Teachings of the Kirin on the other hand, is a little bit of a weird one. It doesn’t do anything particularly well, but it does a lot of things. It creates two bodies, it helps mill towards reanimation targets, and it provides some graveyard hate. All these little advantages do add up, and most importantly, this is excellent Invoke Despair insulation as the 1/1 and the Enchantment can happily take two of the three hits from it. If you have an errant Blood or Treasure token laying around, then you functionally leave Invoke Despair ineffective.

Moving up the curve, we have our insanely powerful three drops.

Kicking us off, and while it may look weird, we’re playing the lone Liliana. While the card can be good, having one copy has felt like enough to do what I want it to, whether it’s dismantling the opponent’s board or hand. You could go for more copies, but I think PV explained excellently on why one Liliana is likely the move.

Next we have Graveyard Trespasser, while not as multifaceted as Graveyard Trespasser, is just as ubiquitous. It’s a strong body that’s incidental graveyard hate and life gain which is definitely good enough for me!

Finally, we have Standard’s best Red card with Fable of the Mirror-Breaker. It almost goes without saying why this is here, but I will note that the second chapter is much more powerful here than normal. A really common play for this deck is to loot away a Titan of Industry on the second chapter, attack with your token to bring you to five mana, then slam The Cruelty of Gixto get a Titan into play way ahead of schedule. Beyond that, Fable is just an insanely powerful card that should be played in pretty much every deck that can afford to do so.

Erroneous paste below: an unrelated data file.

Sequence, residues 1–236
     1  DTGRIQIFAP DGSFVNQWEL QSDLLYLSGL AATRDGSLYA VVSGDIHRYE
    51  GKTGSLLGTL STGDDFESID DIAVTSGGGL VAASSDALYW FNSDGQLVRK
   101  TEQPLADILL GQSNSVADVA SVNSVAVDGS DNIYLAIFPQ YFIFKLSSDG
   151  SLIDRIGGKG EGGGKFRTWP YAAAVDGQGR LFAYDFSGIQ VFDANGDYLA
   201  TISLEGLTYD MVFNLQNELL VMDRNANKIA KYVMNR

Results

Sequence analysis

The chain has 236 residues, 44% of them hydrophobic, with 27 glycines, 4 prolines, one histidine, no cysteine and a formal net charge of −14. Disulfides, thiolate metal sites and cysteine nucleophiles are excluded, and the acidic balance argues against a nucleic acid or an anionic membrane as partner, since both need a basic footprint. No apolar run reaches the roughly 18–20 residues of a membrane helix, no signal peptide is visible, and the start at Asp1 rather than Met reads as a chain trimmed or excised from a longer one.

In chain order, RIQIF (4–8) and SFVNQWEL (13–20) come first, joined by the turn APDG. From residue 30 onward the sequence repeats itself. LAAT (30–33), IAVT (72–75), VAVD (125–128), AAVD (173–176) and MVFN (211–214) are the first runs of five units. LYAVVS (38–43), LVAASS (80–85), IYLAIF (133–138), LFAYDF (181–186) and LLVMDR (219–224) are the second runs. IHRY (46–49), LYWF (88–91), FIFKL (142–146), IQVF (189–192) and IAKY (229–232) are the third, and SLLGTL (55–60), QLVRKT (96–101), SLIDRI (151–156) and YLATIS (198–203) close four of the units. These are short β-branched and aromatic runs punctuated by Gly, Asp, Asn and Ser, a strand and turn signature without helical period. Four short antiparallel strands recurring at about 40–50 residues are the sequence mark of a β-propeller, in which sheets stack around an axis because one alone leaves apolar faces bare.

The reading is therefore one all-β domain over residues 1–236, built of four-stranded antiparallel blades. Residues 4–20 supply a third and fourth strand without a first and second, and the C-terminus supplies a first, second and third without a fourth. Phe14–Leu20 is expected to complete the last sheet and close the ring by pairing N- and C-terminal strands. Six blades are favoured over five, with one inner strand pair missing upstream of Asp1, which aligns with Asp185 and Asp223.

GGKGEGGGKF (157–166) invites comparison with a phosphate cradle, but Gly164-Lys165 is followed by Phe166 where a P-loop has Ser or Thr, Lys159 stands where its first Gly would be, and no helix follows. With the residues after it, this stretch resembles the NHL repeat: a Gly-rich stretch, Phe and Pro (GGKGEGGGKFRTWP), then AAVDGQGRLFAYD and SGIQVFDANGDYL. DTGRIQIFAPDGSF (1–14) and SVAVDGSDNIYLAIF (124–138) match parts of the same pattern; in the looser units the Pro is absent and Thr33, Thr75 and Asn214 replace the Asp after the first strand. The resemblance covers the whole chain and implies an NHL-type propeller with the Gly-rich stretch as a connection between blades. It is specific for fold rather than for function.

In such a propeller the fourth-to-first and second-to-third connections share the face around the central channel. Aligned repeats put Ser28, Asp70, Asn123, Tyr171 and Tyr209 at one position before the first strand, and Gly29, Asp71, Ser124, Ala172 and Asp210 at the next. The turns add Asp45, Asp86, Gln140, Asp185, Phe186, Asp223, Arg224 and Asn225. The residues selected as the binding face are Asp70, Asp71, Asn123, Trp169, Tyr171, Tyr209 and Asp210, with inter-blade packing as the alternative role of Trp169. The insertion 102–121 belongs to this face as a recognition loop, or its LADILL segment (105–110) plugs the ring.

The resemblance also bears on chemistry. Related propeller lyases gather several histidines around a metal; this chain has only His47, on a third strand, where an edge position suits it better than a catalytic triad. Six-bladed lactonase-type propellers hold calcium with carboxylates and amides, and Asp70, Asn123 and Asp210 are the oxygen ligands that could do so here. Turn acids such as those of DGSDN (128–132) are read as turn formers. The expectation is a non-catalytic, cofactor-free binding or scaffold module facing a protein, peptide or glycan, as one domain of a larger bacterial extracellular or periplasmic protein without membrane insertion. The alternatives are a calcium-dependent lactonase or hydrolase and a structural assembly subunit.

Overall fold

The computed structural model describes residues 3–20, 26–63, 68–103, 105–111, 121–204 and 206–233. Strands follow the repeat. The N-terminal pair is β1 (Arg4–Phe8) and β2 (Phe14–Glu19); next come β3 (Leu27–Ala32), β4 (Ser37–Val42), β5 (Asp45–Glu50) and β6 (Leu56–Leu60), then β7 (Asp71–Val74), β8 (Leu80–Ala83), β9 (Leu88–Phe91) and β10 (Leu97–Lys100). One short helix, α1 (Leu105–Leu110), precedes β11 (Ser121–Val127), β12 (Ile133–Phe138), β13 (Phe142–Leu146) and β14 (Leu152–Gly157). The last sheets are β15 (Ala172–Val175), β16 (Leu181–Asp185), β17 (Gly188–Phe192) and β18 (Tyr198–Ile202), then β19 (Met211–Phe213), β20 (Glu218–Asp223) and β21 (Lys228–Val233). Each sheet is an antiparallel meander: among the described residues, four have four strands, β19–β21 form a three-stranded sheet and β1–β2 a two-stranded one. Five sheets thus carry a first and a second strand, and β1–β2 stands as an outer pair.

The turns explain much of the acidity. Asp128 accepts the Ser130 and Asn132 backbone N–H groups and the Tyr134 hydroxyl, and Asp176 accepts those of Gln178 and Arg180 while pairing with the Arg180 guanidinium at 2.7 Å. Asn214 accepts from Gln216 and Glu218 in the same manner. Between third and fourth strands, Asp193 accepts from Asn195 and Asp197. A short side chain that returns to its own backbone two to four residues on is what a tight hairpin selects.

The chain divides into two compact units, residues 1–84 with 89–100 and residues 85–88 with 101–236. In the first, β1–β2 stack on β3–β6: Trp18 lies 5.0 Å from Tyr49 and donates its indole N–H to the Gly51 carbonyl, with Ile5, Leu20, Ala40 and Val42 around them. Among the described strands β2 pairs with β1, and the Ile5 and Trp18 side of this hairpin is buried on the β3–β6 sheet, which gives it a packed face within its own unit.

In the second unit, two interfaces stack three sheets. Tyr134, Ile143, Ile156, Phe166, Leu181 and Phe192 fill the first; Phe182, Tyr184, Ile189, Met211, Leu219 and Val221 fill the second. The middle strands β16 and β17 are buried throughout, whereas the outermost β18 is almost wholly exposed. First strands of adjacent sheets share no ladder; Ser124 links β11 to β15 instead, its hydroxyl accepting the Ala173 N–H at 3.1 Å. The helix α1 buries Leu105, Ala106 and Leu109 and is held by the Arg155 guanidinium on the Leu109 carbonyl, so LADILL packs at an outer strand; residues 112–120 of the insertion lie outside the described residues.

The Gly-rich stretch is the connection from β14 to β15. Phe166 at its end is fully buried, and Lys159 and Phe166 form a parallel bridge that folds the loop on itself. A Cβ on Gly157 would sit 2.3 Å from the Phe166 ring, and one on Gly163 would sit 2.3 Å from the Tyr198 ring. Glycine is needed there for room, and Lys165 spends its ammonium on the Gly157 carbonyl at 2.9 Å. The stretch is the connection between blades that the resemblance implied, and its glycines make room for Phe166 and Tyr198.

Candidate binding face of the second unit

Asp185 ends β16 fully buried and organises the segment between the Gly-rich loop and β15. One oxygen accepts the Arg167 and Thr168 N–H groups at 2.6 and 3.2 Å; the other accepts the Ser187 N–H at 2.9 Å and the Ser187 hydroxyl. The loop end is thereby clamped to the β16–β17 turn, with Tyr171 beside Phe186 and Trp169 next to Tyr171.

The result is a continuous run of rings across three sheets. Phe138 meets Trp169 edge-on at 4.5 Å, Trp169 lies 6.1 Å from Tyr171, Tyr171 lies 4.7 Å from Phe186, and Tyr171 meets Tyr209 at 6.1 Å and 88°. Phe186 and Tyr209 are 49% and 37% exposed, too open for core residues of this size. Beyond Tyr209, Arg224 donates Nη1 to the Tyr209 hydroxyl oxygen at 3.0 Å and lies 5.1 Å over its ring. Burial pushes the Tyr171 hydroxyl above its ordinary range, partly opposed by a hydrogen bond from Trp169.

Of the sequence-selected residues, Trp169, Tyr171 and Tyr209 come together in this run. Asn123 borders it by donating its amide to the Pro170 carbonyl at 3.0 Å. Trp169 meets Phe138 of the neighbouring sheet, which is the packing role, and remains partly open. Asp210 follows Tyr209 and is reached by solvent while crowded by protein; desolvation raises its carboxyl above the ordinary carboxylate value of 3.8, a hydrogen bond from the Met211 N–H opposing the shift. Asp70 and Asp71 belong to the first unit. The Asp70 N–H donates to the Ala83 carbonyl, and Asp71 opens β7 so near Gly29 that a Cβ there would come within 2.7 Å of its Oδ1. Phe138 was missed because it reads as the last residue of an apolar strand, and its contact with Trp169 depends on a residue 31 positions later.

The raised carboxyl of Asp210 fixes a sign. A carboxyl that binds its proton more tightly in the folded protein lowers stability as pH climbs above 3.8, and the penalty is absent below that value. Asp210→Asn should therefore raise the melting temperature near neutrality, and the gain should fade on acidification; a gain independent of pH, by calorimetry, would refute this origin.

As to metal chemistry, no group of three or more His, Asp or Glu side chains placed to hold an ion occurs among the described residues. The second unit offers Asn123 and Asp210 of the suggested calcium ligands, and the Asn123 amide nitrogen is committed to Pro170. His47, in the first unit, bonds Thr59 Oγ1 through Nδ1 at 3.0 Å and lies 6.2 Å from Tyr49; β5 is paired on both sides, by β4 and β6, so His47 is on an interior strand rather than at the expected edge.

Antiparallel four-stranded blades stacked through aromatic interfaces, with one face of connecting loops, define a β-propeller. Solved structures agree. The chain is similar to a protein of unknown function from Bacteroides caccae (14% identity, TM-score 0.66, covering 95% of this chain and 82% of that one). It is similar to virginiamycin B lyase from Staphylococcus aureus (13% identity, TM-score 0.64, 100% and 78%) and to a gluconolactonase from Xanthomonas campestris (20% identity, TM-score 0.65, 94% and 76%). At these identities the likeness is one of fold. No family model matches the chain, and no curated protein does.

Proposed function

Now we reach our midgame and the big reason we’re playing Jund in particular.

Like many Black decks, we have to play some Sheoldred, the Apocalypse in here! While it is a bit susceptible to the bigger removal spells that midrange decks have been playing, if it survives, the card is just a huge pain to deal with. Whether it gains you a bunch of life or increases your clock, Sheoldred is going to be a problem for any opponent.

A nice middle ground between an anti-aggro card and good against midrange strategies, Workshop Warchief is filling multiple roles for us. If you’re being beaten down, having a 5/3 that gains three life on entry then gives you another large bocker on death is excatly where you’d want to be. If you’re facing a midrange deck, having two good bodies is one is similarly powerful as there’s not too much exile based removal in Best of One.